Richard Calvin McCalla (Jan. 25, 1891 - May 10, 1918) attended the University of Tennessee, Class of 1914. He volunteered his services to the government in the air branch of the Navy Department. He went to Pensacola, FL, where he received his training in the Naval Training School. He lost his life May 10, 1918 when his airplane crashed to the ground.
The following account was provided by history writer and admirer Joe Stevens:
Remembering an East Tennessee Boy who took to the sky one hundred years ago
Urban Appalachia, along Knoxville’s South Gay Street, was the most fascinating place in East Tennessee for the future writer of a weekly history column. Born in the early 1960s, I am fortunate to remember Downtown Knoxville before its gradual decline began in the early 1970s.
Arch covered steps that led diagonally up from the corner of Gay and Main onto an uncovered walkway, captured my curiosity. My father’s incomplete explanation that the people liked their doctor stuck with me.
Years later, I learned that the marble arch was erected as a memorial to Dr. John Mason Boyd, chief of staff at Knoxville General Hospital, who treated city residents too impoverished to pay for their own medical care. In the days before his May 16, 1909 death, the poor maintained a vigil outside his home at West Church Avenue and State Street.
The uncovered walkway at the top of the Boyd Memorial Arch leads to the front entrance of the Old Knox County Courthouse. At the time of the American Civil War, the Courthouse stood on the opposite side of Main Avenue. It was there in the street, on Aug 16, 1864, that the First Tennessee Infantry stood in formation for a public reception hosted by prominent Unionist such as William G. Brownlow, Horace Maynard, and Oliver P. Temple.
My grandfather’s grandfather John Hicks was a member of the First Tennessee Infantry. One hundred-fifty years to the date, on August 16, 2014, when I hosted a commemorative event in their honor, my guests and I took refuge in the shade beneath the archway. At the time, I was unaware that Dr. Boyd was a Confederate surgeon and a close relative of the notorious Confederate spy, Belle Boyd.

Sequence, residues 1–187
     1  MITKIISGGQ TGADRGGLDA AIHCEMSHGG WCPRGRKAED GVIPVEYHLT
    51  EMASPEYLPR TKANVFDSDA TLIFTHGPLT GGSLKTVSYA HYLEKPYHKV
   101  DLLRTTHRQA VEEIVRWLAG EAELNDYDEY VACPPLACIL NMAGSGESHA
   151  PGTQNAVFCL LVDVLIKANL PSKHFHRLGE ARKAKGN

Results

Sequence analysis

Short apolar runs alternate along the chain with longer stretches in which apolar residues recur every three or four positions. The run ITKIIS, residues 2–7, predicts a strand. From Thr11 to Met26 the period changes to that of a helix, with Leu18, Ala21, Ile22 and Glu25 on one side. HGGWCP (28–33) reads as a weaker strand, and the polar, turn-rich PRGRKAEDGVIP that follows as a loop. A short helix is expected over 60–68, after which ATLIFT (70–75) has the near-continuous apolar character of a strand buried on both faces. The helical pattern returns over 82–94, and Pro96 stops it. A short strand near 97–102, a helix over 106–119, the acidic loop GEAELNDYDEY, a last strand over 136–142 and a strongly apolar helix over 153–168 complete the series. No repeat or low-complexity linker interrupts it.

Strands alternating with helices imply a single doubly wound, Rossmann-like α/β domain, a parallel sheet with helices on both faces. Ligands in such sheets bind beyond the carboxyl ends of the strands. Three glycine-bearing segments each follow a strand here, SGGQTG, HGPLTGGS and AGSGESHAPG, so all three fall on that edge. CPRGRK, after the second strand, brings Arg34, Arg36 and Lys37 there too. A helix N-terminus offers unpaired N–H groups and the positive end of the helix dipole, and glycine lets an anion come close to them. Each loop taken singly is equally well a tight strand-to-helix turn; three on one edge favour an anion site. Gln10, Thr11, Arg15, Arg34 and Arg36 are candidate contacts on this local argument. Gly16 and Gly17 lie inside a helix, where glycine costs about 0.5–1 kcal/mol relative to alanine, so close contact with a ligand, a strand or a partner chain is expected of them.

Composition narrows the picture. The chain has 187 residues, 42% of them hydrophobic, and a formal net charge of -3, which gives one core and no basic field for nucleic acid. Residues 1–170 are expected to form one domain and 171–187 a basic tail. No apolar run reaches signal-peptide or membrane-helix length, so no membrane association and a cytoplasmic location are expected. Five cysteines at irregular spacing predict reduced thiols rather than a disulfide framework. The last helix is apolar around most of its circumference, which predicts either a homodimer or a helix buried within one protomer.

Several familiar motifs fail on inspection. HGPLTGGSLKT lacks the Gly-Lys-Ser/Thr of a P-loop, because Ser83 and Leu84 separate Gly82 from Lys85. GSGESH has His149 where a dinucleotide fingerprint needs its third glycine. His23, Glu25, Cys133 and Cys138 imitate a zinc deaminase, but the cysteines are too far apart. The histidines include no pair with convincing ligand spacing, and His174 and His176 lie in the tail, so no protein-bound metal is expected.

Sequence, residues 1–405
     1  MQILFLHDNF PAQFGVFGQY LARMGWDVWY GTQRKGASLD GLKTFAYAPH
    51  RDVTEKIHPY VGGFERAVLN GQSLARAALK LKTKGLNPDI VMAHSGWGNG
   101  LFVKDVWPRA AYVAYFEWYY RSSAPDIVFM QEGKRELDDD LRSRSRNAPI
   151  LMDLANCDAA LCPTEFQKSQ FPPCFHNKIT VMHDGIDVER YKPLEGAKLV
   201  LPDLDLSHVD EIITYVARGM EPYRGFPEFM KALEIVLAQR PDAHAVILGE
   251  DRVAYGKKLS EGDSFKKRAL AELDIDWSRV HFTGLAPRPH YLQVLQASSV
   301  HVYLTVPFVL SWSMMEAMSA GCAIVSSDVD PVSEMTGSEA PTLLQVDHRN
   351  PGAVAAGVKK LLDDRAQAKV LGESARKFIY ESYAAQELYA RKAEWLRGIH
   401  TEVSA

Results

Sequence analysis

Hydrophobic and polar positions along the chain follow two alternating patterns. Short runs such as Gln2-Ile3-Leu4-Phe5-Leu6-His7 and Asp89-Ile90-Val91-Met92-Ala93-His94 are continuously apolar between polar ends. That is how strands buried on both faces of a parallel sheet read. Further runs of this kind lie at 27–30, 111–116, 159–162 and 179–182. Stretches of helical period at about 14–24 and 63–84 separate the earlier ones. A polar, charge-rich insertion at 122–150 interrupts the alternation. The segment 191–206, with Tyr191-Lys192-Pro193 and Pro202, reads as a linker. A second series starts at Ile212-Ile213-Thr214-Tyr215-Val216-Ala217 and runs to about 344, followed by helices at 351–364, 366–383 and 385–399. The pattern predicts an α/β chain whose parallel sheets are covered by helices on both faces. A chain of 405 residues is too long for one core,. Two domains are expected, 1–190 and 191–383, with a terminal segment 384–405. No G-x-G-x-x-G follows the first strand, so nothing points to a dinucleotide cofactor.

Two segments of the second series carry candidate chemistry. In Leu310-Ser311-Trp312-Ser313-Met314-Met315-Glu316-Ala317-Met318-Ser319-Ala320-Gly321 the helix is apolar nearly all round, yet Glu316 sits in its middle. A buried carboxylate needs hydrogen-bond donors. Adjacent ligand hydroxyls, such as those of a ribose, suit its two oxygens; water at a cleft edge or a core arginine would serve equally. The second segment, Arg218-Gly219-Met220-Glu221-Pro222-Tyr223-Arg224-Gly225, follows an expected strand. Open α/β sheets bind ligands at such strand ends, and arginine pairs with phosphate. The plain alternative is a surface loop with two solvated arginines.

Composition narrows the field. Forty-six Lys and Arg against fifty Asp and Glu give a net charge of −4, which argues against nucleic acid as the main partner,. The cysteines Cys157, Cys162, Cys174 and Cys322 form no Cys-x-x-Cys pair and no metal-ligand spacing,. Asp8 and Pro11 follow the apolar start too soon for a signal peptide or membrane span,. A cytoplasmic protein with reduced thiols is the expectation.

Dr. Boyd’s oldest daughter Susie married civil engineer Samuel Lewis McCalla on December 27, 1882. Named for Samuel’s father, Richard Calvin McCalla, the McCalla’s third of four children was born on January 25, 1891.
Due the nature of Samuel’s work, the family moved about more frequently and widely than most people of their times. Richard was born in Louisiana, and his mother, Susie, died on February 5, 1907 in China, while Samuel a was working as railroad construction engineer for the Chinese government.
Susy’s father, Dr. John Mason Boyd, died a little more than two years later on May 16, 1909.
In a space of little more than two months, Richard lost both his father and maternal grandmother, Jane Franklin Boyd, while enrolled as a sophomore at the University of Tennessee for the 1911-1912 school year.
Although, his senior yearbook picture reflects a serious, somewhat somber, young man, he was actively involved in campus activities including the Chi Delta Literary Society, the Engineering Society, the Volunteer Union, the Athletic Association as well as the secretary/treasurer of the Chess and Checkers Club. Richard graduated from UT with a Bachelor of Science degree in electrical engineering in 1914, the spring before the winds of war began to blow across Europe.
After graduation, like his father, Richard moved about due to the nature of his work. He was employed as a gas engineer at Toledo, Ohio, by the W.L Dougherty Company of New York, when he registered for the draft on June 5, 1917.
He was also a mechanical and electrical engineer, and had held important positions in Kansas prior to his enlistment in the aviation section of the U.S. Navy Signal Corps.
One hundred years ago today, on the morning of May 10, 1918, Chief Quarter Master Richard Calvin McCalla was aboard a World War I era biplane that fell from the sky above Santa Rosa Island, Florida. At some point, the airplane’s fuel became ignited, and he burned to death.
His body was returned to Knoxville by rail and buried with other family members on the Boyd plot at Old Gray Cemetery.
After the war, a long stretch of East Jackson Avenue, beginning where the street crosses the creek and enters Park City, was renamed in his memory. Later when the federal highway system was laid out in 1926, three of them, U.S. Hwy 25W, U.S. Hwy 70, and U.S. Hwy 11, were routed onto the span of McCalla Avenue between Five Points and the split with U.S. Hwy 11W at Burlington.
A promising young man, who did well with his short time on earth, he knew much sorrow and heartache before his tragic death. Don’t be surprised if you see a solitary figure, a kindred spirit perhaps, decorating his grave at the Old Gray Cemetery today.
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